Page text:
To get the birds interested in the feeder again, try feeding only a small number of dry mealworms at first, and then gradually increasing the number of mealworms offered to the birds you know will eat them all.

Most of the birds that visit our feeders are only interested in eating insects, and their natural feeding pattern involves foraging on the ground.

If you’ve been feeding the same few types of birds dried mealworms in an enclosed bird feeder, hung from a pole or branch, you’ve just opened up your yard to the possibility of feeding a much wider variety of bird species.

When feeding on a small suspended compact feeder, cardinals had been spotted previously struggling, but now they can consume dried mealworms off the ground with ease.

There are many kinds of birds that visit our backyards, and I can assure you that scattering dried mealworms on a small area of lawn where birds can locate them is a great method to feed them.

Site Mealworms on visible yard surface

Putting solely dried mealworms in a feeder or dish can actually prohibit some species from ever feasting on accessible mealworms, as our typical backyard birds all have their own demands and requirements.

Some bird species, due to their innate eating habits, will instead choose to forage for earthworms on the ground rather than visit the bird feeders hung from the ceiling.

Do not assume that putting out bird feeders will attract all local avian life because you have been led to believe that this is all that is necessary to keep them fed. Many bird species have evolved with the sole purpose of foraging on the ground and, as a result, never even consider visiting a feeder.

Thankfully, while wet weather can be a problem, we don’t have to feed these birds dried mealworms directly on the ground; instead, we feed them on high spots visible from anywhere in the yard.

Surfaces can vary, but it’s important to select locations that will be convenient for birds that consume insects.

It is best to start by scattering dried mealworms among natural foliage and on tree branches in areas where wild birds are seen.

The tops of fence posts, brick walls, garden ornaments, and even tree stumps are all good places to scatter dried mealworms.

Pop in dish to stay mobile

How To Feed Birds Mealworms-3

If you want to attract birds to your backyard but don’t have a feeder, you can still provide them with a safe food source by placing dried mealworms on visible, high surfaces around the yard.

Some birds still prefer to browse from perches or other elevated locations, so I’d use a dish or mounted bird feeder tray to provide mealworms for them.

Then, you can move this dish of dried mealworms around the yard until you locate a site where the birds can eat in peace.

Your dish or tray of dried mealworms will be stolen by birds in no time, no matter where you put it, so it’s important to at least stay in one location.

As the mealworms can be contained in one area, and the birds can pick and choose from them from a perch around the dish’s edge, I find this method to be the most effective approach to feed birds.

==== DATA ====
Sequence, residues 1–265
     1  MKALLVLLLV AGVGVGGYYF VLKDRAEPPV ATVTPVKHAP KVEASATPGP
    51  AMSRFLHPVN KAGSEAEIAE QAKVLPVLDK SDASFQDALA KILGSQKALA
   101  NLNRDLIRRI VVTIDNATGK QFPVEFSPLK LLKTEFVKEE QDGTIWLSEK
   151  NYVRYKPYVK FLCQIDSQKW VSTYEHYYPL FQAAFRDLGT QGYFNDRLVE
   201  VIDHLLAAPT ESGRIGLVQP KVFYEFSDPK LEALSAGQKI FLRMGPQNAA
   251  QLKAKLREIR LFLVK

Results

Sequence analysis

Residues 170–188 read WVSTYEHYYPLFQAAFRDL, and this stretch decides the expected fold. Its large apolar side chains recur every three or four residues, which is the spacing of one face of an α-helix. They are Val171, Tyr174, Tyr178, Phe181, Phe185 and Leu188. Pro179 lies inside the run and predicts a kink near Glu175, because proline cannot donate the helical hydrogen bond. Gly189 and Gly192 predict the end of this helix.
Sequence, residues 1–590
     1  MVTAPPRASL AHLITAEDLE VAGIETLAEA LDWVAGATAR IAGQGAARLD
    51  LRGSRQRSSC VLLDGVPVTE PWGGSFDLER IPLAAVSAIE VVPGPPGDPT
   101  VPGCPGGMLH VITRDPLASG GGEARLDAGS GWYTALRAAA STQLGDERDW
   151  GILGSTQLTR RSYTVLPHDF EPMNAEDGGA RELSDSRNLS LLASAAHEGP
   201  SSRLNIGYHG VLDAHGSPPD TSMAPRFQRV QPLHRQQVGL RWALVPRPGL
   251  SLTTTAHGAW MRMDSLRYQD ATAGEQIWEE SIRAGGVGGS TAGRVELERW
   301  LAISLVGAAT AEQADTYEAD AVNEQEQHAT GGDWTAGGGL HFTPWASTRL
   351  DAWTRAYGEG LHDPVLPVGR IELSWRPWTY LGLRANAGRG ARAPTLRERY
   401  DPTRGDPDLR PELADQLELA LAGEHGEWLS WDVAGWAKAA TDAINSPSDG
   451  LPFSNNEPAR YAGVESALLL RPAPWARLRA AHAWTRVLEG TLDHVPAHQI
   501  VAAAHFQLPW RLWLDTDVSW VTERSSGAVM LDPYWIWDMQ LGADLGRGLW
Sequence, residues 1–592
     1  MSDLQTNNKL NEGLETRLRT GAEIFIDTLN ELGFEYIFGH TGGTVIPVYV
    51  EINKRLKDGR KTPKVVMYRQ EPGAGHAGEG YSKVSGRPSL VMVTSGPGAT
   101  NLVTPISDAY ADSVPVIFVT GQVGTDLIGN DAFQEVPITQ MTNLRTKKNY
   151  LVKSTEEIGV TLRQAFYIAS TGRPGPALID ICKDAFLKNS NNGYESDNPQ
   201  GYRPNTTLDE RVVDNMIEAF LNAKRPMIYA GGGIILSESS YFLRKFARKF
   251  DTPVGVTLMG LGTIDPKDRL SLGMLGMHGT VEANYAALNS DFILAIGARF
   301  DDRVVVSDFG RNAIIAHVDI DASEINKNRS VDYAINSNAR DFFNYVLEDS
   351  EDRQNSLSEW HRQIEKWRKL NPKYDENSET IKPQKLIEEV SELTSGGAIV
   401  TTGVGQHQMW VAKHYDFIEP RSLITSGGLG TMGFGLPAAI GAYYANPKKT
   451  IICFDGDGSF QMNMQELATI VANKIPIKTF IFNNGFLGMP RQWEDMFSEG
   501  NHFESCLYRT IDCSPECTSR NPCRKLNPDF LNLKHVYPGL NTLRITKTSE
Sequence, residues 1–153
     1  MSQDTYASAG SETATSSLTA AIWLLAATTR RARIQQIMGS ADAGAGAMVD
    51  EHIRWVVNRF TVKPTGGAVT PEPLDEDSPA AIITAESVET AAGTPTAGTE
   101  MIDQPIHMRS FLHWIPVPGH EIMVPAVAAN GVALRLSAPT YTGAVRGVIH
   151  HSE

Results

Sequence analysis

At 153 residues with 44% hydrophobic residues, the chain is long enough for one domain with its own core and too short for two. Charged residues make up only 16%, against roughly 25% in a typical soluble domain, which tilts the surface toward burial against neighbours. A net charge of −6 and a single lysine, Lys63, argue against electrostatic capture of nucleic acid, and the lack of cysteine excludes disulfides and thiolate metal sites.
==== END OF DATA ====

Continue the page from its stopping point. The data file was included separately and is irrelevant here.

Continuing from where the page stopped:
Since the dried mealworms are fed in a dish, the amount eaten can be accurately measured.

If you want to feed birds in a more natural fashion, among bushes, on the lawn, or even in the tree branches, you don’t need a dish or any kind of bird feeder tray.

Summary

Dried mealworms are a popular type of wild bird feed, so if you go to the trouble of putting them out for the birds in your yard, you can rest assured that they won’t go to waste.

The first step in successfully providing dry mealworms to wild birds (as opposed to live mealworms) is to get a high-quality open bird feeder dish that may be hung from the pole or branch of the bird feeding station.

Although many insectivorous birds may be drawn to a branch of a nearby tree, the bird feeder pole should only be placed in a well-lit area to attract birds.

Our yards attract a wide variety of birds, including some that eat insects, so it only makes sense that we stock our bird feeders accordingly. A bird feeder, or even a dish, isn’t always reliable because not everyone knows how to use it or would bother trying.

Dried mealworms would be my preferred method of providing food for the wide variety of backyard birds I see.

A hefty dish, preferably ceramic so as to prevent it from toppling over in usage, will allow me to monitor the amount of time that passes between the consumption of dry mealworms and their subsequent disposal.

I will know when to add more dried mealworms if they are popular, but if they aren’t consumed quickly enough, I won’t replace them quite yet or will only add a few as a garnish.

However, you should still scatter dry mealworms over a small patch of grass, especially under the feeders, to attract birds who may only eat the ground.

In order to keep unwanted birds and vermin off of the mealworms, a specialized bird feeder should be used.

To avoid pests, it may help to scatter dried mealworms around the yard in strategic, high, well-lit areas.